The Marijuana Industry – Getting High on Potential Returns
Have you ever thought about investing in marijuana? More and more investors are noticing the high market potential of cannabis. 😀 It’s easy to see why. Data suggests that the budding marijuana industry is one of the fastest-growing in North America. In 2013, the total revenue of the legal pot industry in the U.S. totaled $1.5 billion. By 2014, revenue jumped to $2.7 billion. It’s expected to reach $3.5 billion this year, and then up to $4.5 billion in 2016.
Those aren’t particularly large numbers. By comparison, the beer industry in the U.S. is about $100 billion a year. But the weed industry has a lot more potential for growth. Nearly half of the states in America have already legalized marijuana for medical use. And a handful of them even approved it for recreational use. 🙂
The problem with investing in pot companies in the past was simply that the market wasn’t big enough, and the industry’s future was too uncertain. Banks and venture capitalists were reluctant to financially back cannabis companies due to legal issues and the high-risk nature of a largely unregulated substance. 🙁
However, ever since Colorado and Washington legalized the recreational use of pot in 2012, there has been a great amount of pressure for more states to do the same. Next year voters in at least 7 more states will consider the decriminalization of marijuana.
Funding for marijuana start-ups now is more abundant compared to a few years ago. Dooma Wendschuh is an entrepreneur who makes distilled marijuana extracts. At an investor summit in Denver earlier this year, Wendschuh says he was “besieged by millions of dollars” worth of unsolicited offers to invest in his company. A quick look at his profit margins will explain why. He produces the extracts for only $2, and sells them for $35. “If you make it, it will sell. It’s unreal,” Wendschuh explains. The industry is slowly losing its stigma and is becoming a more legitimate market for a wider range of investors and financiers. 🙂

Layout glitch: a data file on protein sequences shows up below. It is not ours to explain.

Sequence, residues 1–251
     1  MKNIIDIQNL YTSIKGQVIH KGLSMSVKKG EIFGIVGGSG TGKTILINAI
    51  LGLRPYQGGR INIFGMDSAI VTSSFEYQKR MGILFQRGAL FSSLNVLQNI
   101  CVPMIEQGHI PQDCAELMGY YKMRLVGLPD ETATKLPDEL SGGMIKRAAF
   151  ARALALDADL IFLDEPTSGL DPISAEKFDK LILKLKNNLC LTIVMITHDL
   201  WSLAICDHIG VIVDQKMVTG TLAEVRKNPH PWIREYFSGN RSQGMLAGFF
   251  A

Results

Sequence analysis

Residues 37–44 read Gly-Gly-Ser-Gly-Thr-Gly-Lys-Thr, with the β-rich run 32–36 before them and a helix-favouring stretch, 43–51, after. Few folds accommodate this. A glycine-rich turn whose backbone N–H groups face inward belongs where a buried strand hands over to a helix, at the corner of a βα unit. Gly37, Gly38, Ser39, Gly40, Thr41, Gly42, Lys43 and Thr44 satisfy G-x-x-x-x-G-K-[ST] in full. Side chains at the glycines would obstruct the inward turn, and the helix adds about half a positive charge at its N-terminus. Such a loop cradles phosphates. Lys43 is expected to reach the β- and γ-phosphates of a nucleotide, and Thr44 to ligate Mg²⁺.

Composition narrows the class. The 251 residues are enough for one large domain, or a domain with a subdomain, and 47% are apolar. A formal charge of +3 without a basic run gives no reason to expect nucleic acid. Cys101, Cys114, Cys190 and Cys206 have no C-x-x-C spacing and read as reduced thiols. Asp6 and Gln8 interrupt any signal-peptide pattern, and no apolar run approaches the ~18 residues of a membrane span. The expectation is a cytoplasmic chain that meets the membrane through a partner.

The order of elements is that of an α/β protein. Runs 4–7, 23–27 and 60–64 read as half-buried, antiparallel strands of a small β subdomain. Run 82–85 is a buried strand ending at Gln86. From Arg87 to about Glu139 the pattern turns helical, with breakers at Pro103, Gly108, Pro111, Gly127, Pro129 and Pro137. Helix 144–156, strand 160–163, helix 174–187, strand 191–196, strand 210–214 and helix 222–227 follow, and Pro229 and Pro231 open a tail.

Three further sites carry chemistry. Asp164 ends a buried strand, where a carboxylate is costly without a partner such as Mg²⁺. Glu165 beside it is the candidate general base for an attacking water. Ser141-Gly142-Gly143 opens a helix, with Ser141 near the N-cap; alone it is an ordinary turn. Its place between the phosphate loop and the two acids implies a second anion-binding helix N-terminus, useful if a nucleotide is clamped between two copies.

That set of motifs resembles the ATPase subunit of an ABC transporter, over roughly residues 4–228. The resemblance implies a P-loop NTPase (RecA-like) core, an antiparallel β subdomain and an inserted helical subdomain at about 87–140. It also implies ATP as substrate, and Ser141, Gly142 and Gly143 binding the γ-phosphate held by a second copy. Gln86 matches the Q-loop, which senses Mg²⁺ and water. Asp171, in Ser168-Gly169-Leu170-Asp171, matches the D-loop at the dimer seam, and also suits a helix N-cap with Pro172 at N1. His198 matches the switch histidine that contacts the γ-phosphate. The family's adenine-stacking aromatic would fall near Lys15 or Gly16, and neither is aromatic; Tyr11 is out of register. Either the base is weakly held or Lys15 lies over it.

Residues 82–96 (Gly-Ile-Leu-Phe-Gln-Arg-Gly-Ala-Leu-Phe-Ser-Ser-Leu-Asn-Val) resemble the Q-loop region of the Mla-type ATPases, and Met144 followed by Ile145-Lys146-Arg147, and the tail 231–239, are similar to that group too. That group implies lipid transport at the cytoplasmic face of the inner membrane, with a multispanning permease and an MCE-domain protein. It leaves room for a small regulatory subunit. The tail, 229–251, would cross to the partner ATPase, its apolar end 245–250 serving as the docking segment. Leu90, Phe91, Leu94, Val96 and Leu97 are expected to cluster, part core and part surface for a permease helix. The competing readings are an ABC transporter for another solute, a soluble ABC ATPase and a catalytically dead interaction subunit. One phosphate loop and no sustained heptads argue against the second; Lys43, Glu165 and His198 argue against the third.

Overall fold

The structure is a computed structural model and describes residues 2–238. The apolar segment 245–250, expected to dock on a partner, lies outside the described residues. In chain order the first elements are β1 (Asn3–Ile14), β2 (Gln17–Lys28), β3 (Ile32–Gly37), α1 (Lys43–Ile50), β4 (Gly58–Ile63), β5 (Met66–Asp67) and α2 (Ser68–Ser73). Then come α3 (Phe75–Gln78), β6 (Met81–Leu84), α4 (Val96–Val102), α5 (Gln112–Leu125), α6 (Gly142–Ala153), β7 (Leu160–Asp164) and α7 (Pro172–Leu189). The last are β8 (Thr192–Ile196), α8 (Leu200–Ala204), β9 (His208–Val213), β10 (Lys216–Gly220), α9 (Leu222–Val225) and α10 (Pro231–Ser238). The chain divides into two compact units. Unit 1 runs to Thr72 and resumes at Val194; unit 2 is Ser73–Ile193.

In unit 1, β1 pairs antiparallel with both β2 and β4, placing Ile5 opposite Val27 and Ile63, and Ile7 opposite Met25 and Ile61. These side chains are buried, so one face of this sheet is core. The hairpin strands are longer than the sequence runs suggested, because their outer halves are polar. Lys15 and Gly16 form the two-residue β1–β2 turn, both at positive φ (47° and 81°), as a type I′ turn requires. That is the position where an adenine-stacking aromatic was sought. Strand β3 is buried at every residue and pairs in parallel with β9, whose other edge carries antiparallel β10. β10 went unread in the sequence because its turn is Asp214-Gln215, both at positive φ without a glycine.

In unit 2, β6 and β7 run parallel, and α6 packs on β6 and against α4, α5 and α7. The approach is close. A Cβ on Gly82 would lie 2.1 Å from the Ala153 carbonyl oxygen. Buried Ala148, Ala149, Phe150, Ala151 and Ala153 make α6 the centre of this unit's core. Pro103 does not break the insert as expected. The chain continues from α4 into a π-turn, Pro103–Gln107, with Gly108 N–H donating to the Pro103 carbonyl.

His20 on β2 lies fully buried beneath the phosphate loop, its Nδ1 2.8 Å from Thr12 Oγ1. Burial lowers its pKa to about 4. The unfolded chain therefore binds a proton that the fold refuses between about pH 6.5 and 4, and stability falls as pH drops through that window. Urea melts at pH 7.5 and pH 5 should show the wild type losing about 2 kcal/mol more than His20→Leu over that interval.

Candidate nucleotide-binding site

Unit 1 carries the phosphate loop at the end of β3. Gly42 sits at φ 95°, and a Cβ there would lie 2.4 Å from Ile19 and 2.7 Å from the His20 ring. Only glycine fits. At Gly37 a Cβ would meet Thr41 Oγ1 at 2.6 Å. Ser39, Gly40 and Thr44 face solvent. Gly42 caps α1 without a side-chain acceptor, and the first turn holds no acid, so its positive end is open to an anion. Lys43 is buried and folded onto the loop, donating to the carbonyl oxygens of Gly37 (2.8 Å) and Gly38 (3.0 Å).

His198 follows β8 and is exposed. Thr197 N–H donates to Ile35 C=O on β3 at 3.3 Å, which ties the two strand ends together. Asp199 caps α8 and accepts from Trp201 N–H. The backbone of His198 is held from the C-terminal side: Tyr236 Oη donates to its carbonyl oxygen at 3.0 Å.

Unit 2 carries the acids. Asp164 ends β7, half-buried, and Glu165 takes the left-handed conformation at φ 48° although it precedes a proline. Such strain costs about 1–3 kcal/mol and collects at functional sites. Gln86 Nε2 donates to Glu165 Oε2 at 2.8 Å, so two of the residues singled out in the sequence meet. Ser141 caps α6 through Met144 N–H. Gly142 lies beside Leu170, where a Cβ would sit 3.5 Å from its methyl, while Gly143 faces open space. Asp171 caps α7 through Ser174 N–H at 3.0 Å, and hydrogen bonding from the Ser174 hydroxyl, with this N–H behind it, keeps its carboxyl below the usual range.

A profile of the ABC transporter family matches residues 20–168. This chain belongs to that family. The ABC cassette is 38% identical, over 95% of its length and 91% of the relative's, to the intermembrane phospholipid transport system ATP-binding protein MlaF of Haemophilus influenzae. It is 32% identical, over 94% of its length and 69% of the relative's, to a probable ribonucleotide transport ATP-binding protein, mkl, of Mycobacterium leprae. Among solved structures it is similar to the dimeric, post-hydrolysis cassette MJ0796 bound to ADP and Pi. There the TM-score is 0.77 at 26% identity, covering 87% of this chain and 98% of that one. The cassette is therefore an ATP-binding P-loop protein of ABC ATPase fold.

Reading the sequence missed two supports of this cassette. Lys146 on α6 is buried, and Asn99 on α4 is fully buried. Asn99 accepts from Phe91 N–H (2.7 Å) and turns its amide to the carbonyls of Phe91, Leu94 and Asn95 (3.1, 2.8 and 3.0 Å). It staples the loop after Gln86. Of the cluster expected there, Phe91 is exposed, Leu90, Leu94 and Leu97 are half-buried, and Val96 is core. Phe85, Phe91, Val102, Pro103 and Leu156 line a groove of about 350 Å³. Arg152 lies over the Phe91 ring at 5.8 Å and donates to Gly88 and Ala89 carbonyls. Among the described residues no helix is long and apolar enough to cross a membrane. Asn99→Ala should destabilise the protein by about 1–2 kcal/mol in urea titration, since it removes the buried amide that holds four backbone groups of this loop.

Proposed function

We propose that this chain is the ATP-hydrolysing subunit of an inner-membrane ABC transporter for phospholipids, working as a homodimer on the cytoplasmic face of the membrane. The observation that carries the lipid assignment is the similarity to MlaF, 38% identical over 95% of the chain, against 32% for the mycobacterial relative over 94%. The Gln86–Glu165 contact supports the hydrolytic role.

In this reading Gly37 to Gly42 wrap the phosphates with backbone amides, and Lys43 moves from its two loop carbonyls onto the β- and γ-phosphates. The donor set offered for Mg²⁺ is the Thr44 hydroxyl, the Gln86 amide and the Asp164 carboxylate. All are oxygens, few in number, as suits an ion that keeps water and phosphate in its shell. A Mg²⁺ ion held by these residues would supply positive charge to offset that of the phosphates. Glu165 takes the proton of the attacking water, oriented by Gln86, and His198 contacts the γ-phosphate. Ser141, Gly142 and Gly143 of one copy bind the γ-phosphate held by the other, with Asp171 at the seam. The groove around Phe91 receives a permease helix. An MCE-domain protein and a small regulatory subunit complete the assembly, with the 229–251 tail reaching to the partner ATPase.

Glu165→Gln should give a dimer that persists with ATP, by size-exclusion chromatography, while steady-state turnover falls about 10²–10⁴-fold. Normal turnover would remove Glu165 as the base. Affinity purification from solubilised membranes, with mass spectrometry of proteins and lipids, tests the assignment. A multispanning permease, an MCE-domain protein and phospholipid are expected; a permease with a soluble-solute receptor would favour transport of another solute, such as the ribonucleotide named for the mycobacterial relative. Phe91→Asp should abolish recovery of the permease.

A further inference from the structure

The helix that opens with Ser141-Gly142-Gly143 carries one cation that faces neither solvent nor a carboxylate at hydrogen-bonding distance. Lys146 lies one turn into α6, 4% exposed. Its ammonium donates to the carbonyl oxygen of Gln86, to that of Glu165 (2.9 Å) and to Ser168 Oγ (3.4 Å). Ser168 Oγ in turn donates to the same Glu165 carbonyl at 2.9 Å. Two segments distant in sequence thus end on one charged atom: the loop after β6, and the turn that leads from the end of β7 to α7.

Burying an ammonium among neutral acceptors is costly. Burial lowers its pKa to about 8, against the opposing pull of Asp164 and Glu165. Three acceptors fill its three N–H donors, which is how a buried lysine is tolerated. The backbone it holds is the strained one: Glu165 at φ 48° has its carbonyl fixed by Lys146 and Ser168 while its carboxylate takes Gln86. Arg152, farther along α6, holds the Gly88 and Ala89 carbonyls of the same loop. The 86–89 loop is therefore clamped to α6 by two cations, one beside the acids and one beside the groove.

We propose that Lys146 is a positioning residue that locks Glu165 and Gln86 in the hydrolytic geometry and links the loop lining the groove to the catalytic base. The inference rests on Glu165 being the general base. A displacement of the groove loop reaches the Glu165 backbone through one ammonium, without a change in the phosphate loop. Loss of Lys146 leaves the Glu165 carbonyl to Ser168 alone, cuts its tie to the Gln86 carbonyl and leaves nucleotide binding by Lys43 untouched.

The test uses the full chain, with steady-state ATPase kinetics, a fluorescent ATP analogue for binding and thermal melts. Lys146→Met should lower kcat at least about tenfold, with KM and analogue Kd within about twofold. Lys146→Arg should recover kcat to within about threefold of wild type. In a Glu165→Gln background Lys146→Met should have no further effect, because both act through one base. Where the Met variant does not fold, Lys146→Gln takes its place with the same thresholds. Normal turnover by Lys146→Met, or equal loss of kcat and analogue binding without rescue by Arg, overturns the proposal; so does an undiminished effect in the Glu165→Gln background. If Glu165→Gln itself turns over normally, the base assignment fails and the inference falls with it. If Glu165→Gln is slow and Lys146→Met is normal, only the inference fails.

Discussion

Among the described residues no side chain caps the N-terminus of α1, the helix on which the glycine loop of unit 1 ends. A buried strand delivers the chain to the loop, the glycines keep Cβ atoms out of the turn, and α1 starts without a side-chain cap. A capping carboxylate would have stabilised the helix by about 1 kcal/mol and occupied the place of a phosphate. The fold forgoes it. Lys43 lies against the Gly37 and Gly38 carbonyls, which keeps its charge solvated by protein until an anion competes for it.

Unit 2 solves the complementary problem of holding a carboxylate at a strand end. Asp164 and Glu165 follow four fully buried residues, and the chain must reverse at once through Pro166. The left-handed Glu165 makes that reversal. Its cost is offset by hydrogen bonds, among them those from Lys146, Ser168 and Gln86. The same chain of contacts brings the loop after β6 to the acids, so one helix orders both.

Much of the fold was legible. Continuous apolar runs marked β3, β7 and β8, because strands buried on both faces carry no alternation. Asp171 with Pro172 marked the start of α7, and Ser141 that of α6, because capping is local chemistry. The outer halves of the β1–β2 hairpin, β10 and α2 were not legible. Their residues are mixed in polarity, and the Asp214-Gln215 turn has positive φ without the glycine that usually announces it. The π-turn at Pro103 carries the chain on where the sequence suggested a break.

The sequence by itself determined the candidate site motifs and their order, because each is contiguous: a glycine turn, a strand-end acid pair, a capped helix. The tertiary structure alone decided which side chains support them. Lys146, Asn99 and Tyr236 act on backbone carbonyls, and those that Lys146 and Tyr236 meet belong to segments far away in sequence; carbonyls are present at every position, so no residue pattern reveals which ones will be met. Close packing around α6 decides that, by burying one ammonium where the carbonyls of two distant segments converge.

Investing in Pot
What got me interested in this market was Justin Trudeau’s victory last month in the election. I’m not just blowing smoke here. His Liberal Party campaigned on the promise to legalize cannabis on a federal level. Since he has a majority government I’m expecting policy changes to get passed through parliament relatively quickly. The federal and provincial governments will have to work together on new marijuana legislation, so I guess you can call it a joint venture.
Canada can learn a lot from our neighbors to the south. Colorado pulled in $76 million in marijuana taxes and fees last year. It also experienced a 9% drop in property crime. 🙂 The state of Washington brought in $70 million in tax revenue from $257 million worth of legal marijuana sales. I think British Columbia can easily match Washington in sales. 😀
When it comes to investing in marijuana caution must be exercised. There are currently a few hundred publicly traded cannabis companies in the U.S. and Canada combined. But most of these businesses are nano-cap and micro-cap stocks. This means they have a small market capitalization and carry a decent amount of risk. Many trade as penny stocks on the OTC market, which lacks the transparency and regulations of the larger exchanges.
Canopy Growth Corp
The one company that caught my eye was Canopy Growth Corp (CGC), formerly known as Tweed Marijuana. It’s based in Smiths Falls, Ontario. It currently produces and sells medical marijuana, such as cannabis oils for practitioners and patients. It only makes about $4 million in revenue per year, and isn’t expected to actually be profitable until the end of 2016. But I like how it has the facility and capacity to expand into recreational products. It could have a first-movers advantage if the company moves quickly in the next 12 months so I believe Canopy Growth Corp a good investment right now.
So last week, I bought 300 shares of CGC on the venture exchange for $2.55/share.